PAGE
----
My wife Eirwen is a native Welsh speaker from Llanfairtalhaian in North Wales. I have just been proudly showing off my newfound prowess at introducing myself after following the Vocabulary drills at the end of the first course.
Justin ydy fy enw i (remember I only know how to talk / not spell!)
Eirwen burst my bubble and says that is like saying ‘Justin is my name’’ in English. It’s grammatically correct but we would never actually say it like that. Introducing myself, I would probably just say ‘’ Hi - I’m Justin’’.
Eirwen says that in Welsh she would say ‘‘hello - Eirwen ydw i’’
Can anyone shed more light on this for a confused novice!!
You’ll find that pretty much anything you learn how to say will be capable of being shortened by a first language speaker - in time, all the various ways in which you can shorten stuff will become easy and familiar to you just by hearing them often enough - to begin with, most of the time using the slightly longer form helps a learner to get more of a handle on more different parts of the language.
For example, in this instance, when you say ‘Justin ydy fy enw i’ (which I’d say is more like ‘My name is Justin’ in English - perfectly normal, just a bit longer than 'I’m Justin) you’re getting a nice taster of the possessive construction, as well as the [something][is][something] construction (which is a bit more wide-ranging than the [I][am][something] structure.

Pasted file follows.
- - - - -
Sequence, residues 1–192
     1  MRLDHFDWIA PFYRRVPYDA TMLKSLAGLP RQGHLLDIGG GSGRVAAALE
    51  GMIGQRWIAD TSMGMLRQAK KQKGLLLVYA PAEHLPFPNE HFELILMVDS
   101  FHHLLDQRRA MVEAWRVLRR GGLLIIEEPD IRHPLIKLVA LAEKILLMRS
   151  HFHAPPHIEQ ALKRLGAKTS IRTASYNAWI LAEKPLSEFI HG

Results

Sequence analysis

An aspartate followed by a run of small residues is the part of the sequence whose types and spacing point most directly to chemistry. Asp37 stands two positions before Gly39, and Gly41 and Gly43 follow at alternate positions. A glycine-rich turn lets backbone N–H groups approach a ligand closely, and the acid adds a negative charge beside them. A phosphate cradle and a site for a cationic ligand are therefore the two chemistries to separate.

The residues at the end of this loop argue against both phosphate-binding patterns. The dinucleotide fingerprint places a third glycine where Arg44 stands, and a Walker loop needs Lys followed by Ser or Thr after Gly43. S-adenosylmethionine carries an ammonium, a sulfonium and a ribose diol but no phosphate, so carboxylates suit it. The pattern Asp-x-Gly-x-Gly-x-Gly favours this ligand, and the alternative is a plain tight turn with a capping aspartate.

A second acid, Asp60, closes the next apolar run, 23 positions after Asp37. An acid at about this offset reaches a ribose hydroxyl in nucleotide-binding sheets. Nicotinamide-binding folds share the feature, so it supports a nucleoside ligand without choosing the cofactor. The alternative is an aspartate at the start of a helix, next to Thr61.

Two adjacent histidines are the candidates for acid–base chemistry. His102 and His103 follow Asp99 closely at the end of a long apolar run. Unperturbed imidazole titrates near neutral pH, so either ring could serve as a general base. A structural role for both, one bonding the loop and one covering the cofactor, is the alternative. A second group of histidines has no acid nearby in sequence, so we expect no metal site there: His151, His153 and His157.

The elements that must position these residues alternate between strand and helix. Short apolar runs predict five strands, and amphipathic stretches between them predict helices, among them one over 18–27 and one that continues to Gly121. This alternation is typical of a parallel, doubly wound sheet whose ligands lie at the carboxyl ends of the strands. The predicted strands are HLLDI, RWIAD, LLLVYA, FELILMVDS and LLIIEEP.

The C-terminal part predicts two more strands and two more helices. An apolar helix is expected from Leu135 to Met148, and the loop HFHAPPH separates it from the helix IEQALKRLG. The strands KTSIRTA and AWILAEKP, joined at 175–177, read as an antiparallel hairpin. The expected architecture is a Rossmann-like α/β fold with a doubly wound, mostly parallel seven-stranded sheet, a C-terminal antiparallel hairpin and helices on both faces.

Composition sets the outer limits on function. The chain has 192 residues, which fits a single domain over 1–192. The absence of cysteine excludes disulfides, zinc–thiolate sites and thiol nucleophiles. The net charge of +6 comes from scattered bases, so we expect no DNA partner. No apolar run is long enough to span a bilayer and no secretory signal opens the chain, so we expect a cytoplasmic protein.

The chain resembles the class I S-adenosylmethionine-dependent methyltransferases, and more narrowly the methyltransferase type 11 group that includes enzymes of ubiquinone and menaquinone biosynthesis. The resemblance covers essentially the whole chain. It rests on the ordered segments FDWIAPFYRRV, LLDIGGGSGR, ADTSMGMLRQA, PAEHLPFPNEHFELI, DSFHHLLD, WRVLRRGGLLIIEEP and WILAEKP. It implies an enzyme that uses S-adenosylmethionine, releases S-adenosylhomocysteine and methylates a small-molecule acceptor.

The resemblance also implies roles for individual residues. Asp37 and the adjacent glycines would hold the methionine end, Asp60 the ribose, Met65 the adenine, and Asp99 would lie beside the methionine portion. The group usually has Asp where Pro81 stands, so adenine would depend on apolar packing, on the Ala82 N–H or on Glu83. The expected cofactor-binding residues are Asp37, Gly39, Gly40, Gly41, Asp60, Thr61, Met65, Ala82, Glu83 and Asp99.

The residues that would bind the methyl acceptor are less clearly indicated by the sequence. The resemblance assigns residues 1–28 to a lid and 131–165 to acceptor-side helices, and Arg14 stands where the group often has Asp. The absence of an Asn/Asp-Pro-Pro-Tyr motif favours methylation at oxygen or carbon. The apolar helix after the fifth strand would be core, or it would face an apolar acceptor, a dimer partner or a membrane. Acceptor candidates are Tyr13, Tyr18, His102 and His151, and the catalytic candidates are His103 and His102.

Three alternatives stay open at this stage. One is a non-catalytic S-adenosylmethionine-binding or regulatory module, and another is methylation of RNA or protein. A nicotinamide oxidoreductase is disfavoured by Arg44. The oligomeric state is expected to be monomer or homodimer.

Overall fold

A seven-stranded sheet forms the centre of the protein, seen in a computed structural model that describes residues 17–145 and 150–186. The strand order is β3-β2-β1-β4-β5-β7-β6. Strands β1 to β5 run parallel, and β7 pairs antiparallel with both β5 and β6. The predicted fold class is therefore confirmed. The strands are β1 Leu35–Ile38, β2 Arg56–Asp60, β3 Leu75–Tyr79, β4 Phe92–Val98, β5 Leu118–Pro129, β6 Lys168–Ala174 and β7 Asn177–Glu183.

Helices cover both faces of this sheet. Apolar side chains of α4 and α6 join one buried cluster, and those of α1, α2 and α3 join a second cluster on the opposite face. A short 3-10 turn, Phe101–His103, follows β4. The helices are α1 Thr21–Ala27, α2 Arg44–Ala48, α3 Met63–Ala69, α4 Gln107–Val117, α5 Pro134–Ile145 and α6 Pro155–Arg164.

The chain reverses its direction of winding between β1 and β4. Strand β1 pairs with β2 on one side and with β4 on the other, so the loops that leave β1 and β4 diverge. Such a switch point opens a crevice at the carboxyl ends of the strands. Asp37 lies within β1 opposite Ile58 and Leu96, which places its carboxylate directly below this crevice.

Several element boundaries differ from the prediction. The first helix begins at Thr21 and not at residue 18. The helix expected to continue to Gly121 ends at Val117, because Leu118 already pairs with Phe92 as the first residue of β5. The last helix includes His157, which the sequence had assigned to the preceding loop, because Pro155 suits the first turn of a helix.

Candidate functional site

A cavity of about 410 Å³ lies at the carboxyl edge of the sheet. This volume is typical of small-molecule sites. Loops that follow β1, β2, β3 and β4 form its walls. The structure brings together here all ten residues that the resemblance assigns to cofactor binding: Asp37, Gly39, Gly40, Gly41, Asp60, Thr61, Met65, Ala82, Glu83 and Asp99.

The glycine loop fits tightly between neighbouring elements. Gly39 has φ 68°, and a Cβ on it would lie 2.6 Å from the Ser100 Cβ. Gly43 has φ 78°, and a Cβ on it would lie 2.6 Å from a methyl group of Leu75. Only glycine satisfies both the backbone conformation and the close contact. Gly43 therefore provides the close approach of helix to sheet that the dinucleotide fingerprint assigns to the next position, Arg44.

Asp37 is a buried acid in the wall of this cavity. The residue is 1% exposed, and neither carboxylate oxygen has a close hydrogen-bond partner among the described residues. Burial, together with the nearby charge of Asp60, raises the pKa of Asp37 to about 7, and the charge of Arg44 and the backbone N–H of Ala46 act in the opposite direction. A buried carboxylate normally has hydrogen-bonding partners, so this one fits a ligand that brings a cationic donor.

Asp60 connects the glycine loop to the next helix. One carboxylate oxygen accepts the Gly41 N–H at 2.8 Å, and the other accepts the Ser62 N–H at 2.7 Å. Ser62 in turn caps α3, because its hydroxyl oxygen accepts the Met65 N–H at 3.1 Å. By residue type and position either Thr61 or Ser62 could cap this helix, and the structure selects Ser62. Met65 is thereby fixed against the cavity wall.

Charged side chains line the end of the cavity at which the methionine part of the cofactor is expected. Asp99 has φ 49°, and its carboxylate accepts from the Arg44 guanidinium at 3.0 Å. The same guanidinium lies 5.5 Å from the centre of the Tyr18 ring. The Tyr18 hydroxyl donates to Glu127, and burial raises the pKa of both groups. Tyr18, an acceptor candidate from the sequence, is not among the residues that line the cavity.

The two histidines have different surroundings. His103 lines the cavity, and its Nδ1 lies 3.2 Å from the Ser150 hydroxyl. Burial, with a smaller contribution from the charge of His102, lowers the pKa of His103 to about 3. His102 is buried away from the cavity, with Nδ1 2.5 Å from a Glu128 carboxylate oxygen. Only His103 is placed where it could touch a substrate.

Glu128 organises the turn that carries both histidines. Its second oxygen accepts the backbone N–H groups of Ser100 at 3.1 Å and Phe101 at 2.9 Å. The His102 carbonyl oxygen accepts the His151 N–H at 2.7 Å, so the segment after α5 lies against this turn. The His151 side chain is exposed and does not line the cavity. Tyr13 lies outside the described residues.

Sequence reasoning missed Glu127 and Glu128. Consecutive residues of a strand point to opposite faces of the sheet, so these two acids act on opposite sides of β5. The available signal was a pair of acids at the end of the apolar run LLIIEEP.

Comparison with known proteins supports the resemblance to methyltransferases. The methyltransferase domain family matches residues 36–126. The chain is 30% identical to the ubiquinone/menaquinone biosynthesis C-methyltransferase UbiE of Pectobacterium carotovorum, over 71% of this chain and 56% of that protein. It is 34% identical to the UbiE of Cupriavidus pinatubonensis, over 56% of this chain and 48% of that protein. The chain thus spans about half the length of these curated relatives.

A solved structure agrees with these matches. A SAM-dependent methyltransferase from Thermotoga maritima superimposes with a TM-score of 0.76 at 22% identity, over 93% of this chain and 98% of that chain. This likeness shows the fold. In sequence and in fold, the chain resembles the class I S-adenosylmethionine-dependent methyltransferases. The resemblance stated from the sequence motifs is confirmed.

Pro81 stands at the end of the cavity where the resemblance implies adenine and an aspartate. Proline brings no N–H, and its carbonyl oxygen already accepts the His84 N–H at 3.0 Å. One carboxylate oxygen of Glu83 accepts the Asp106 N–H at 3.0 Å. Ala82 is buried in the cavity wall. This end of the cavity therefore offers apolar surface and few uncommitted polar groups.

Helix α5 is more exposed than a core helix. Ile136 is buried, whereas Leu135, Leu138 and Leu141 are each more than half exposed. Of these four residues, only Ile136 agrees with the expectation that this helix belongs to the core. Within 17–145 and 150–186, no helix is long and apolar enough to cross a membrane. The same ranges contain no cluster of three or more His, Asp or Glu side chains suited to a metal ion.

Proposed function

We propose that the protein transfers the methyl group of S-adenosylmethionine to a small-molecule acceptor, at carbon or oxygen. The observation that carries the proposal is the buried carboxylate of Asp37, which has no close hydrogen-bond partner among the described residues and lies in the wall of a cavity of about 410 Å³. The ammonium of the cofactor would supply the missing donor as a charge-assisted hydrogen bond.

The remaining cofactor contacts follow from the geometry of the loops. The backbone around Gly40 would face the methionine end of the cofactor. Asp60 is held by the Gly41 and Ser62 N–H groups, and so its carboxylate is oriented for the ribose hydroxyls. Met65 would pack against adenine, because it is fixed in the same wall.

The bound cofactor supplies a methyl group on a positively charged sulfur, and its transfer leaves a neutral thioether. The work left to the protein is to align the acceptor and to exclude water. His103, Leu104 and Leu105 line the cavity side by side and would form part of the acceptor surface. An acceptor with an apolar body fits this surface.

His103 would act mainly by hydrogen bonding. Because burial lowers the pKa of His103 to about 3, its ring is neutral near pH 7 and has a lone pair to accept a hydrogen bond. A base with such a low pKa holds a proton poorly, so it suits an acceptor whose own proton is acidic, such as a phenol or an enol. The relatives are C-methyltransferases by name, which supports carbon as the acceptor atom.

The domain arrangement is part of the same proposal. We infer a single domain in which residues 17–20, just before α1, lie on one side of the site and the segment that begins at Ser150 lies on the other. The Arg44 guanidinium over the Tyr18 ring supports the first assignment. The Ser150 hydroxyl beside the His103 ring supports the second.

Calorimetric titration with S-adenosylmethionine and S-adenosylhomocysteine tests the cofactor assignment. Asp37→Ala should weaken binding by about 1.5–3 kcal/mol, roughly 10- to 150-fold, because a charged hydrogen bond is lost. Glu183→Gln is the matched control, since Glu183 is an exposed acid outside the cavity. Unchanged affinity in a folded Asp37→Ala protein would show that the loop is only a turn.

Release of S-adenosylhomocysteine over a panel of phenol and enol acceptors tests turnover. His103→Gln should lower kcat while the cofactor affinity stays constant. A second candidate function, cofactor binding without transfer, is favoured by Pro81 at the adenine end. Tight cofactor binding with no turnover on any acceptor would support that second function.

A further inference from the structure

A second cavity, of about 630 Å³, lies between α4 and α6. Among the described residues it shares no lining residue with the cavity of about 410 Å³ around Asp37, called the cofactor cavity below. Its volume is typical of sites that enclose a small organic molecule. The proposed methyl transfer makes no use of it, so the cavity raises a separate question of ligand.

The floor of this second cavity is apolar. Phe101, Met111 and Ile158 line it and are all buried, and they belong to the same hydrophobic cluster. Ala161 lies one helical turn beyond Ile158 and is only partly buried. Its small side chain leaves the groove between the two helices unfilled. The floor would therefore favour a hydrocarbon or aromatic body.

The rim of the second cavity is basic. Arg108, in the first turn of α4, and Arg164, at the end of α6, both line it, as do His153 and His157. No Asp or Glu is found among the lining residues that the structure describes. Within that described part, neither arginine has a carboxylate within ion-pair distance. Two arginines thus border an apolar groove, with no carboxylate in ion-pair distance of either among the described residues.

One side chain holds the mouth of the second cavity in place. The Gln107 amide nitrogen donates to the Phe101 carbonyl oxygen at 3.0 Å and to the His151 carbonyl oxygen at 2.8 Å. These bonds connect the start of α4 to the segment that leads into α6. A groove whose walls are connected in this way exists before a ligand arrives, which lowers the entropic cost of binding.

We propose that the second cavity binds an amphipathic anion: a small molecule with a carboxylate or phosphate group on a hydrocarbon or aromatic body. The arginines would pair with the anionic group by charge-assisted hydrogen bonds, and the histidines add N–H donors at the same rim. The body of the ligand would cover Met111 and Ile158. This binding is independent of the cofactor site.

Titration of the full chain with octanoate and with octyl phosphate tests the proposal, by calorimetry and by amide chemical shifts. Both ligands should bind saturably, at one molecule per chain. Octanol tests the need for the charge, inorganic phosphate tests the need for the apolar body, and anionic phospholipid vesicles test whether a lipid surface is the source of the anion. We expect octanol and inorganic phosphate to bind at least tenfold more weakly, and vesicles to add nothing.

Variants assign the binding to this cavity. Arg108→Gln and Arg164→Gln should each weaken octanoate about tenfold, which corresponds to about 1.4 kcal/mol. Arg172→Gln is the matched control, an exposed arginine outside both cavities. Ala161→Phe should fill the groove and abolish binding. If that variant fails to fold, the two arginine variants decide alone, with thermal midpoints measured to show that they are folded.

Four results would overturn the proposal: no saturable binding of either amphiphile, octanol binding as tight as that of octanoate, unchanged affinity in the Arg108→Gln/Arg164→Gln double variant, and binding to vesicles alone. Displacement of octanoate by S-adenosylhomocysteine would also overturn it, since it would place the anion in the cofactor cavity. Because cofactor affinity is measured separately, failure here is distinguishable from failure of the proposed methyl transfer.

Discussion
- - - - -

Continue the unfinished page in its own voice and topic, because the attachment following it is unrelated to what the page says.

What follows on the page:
So, don’t feel worried about saying ‘Justin ydy fy enw i’, but if you want to contract it to ‘Justin ydw i’ with your wife (who probably won’t need you to say it very often anyway…;-)) then go for it
And to all my French friends who reply to my ‘‘je m’appelle Justin’’ with ‘‘Hello and my name’s Pierre’’ - I still love you and quite understand that the cultural inclination to be obstructive (with each other when we foreigners are not around!!) and your secret longing to learn and practice English combine together beautifully when you realize that I want you to reply to me in French. What better than to reply in English.
I used to reply with. Je suis Gallois et je ne comprend pas d’Anglais. However, I have a secret weapon - I live on the Italian/French border. The Italian’s cultural trait is to be incredibly friendly and helpful. So when I am in an Italian border town and notice I am a foreigner they think I am actually from France and when I open up with Buongiorno, they reply with Bonjour.
So you see whenever I want to practice speaking French all I have to do is go to an Italian border town and start speaking Italian!!!
I actually love my French and Italian friends equally and to be sure they also have views on English/Welsh traits and eccentricities
The focus is on Justin, so a slightly different construction is used. That is a totally Welsh way of thinking and saying things. Reminds me of Yoda from Star Wars…
You will pick up on when it occurs in the lessons. And you’ll cease to worry about it!
In the meantime, kindly look at this watch, as it slowly swings back and forth…
Well, as for what is most natural sounding I would definitely suggest listening to your first-language wife (for more than one reason). But please keep in mind that that bonus lesson six is really just a fun diversion. SSiW is not the “memorize this phrase” kind of course. Before long you’ll have enough Welsh in your head to be able to listen to other people speak and you’ll know for yourself what sounds natural and what doesn’t.